Did you know that Voyager 2 left Earth before Voyager 1? ( Voyager 2: August 20, 1977, Voyager 1: September 5, 1977) Recently, on the nightly news, we heard that Voyager 1 has reached then end of the heliopause (the edge of the solar wind's influence), and is continuing on into space. I believe they said it is moving at a rate of one million miles a DAY.
I checked the Voyager website, and it's speed was given in these terms: "Voyager 1 is speeding away from the Sun at a velocity of about 3.50 AU/year...." I don't have enough math to do the equation, but if you do, you can check to see if 1,000,000 miles a day is correct. Isn't that an astounding figure?
Voyager's mission was rechristened the "Voyager Interstellar Mission (VIM)" by NASA in 1989 (after Voyager 2's Neptune encounter). Data collection is continuing.
I found the following information at the NASA site on Voyager:
"Each Voyager has mounted to one of the sides of the bus a 12-inch gold-plated copper disk. The disk has recorded on it sounds and images of Earth designed to portray the diversity of life and culture on the planet. Each disk is encased in a protective aluminum jacket along with a cartridge and a needle. Instructions explaining from where the spacecraft originated and how to play the disk are engraved onto the jacket. Electroplated onto a 2 cm area on the cover is also an ultra-pure source of uranium-238 (with a radioactivity of about 0.26 nanocuries and a half-life of 4.51 billion years), allowing the determination of the elapsed time since launch by measuring the amount of daughter elements to remaining U238. The 115 images on the disk were encoded in analog form. The sound selections (including greetings in 55 languages, 35 sounds, natural and man-made, and portions of 27 musical pieces) are designed for playback at 1000 rpm. The Voyagers were not the first spacecraft designed with such messages to the future. Pioneers 10 and 11, LAGEOS, and the Apollo landers also included plaques with a similar intent, though not quite so ambitious."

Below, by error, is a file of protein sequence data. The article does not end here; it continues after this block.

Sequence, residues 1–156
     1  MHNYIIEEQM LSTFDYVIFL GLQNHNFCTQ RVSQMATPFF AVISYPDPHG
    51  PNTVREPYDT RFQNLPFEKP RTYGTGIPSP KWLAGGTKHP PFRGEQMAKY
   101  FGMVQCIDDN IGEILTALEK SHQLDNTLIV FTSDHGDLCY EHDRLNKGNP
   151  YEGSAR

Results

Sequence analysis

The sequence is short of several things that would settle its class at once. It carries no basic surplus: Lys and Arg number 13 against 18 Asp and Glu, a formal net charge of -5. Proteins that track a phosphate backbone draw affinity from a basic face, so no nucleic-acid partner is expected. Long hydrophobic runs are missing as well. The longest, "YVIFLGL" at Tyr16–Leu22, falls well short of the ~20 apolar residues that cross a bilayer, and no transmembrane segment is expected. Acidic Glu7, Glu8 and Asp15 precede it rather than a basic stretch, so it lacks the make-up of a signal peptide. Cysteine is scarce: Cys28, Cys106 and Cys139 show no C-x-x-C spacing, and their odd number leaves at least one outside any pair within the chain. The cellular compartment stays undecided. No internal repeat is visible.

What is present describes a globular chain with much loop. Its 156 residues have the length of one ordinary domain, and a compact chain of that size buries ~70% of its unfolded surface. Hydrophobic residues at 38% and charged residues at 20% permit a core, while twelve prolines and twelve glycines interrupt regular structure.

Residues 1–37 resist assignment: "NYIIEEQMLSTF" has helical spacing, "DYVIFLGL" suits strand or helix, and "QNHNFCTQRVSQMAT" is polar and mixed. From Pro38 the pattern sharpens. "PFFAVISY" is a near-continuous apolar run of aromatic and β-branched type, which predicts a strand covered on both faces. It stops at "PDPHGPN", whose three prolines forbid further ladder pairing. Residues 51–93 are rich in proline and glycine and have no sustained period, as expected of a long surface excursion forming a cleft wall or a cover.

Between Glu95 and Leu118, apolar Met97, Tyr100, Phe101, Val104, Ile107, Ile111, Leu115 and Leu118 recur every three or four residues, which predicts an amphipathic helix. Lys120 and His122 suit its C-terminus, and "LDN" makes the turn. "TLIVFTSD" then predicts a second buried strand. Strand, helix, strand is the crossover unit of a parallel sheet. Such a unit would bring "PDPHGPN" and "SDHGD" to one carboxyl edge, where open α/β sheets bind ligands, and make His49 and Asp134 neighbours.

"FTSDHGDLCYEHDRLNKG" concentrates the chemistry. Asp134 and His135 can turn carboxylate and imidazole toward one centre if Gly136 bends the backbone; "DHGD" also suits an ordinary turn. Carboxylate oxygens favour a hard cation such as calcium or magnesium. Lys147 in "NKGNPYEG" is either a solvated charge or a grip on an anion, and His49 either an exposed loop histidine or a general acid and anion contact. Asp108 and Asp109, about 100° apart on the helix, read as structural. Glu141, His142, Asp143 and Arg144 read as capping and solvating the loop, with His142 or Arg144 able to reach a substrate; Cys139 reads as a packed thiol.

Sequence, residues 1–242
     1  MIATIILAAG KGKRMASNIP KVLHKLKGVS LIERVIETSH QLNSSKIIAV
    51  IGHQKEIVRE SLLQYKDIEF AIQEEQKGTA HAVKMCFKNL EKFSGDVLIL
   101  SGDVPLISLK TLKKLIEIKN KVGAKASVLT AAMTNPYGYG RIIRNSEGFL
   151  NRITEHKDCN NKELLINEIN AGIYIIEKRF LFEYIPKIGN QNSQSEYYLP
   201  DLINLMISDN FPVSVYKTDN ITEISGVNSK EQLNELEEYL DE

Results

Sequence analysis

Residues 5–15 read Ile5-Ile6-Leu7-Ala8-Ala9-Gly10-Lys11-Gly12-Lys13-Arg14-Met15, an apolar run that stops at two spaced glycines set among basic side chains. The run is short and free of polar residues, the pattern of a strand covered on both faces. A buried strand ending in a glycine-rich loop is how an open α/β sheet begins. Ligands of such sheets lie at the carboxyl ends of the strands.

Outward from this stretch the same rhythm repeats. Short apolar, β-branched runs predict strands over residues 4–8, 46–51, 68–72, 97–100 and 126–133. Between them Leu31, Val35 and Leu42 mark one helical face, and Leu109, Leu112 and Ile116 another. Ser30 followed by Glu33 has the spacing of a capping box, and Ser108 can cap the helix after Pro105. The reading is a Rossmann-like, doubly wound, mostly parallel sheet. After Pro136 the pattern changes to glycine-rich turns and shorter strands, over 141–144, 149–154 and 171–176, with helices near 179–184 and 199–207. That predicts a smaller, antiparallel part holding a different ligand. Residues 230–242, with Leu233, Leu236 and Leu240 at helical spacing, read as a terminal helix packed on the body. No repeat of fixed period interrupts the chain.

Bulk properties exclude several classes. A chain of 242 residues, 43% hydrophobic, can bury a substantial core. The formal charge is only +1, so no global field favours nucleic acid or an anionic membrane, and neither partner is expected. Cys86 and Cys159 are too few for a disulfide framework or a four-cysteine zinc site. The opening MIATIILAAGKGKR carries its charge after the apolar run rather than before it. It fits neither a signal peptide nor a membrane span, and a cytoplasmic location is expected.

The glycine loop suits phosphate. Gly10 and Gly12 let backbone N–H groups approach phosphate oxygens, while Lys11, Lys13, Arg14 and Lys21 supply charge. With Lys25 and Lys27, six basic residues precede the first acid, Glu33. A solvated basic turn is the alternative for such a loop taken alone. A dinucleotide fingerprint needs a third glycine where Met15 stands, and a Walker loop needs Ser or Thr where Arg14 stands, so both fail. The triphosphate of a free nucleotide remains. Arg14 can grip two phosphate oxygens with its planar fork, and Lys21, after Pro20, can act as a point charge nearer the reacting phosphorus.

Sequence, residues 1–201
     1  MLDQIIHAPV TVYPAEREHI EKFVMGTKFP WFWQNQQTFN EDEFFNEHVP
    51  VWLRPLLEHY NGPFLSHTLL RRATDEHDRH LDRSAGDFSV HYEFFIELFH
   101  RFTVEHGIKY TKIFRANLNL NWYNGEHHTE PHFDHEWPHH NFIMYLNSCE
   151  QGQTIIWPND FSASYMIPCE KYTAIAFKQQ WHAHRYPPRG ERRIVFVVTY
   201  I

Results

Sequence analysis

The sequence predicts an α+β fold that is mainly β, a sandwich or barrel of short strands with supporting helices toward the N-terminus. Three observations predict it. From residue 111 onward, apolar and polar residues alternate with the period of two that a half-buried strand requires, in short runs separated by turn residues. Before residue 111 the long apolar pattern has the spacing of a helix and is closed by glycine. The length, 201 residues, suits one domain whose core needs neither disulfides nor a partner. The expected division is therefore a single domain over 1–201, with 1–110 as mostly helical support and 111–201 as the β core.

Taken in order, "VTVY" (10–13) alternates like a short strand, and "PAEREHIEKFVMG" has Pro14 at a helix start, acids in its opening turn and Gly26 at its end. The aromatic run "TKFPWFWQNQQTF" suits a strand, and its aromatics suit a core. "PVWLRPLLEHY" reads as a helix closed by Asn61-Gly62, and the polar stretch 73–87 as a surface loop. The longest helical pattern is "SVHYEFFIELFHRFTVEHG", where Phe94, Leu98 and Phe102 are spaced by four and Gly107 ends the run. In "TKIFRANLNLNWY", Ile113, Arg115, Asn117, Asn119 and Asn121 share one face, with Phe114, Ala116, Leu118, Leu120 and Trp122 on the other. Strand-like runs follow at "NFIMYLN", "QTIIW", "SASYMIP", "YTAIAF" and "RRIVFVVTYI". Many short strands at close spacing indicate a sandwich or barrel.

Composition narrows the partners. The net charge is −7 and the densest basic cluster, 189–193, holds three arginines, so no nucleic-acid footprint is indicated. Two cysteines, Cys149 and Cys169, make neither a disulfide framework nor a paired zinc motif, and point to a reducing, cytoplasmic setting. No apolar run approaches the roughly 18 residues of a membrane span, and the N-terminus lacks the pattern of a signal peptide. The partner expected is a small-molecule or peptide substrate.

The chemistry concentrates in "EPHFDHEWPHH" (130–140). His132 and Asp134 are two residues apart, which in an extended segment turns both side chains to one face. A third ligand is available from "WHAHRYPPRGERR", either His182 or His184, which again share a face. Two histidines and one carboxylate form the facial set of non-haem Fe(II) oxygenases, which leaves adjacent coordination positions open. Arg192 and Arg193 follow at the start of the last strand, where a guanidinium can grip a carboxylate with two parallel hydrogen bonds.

Perhaps Voyager should be considered mankind's "first step."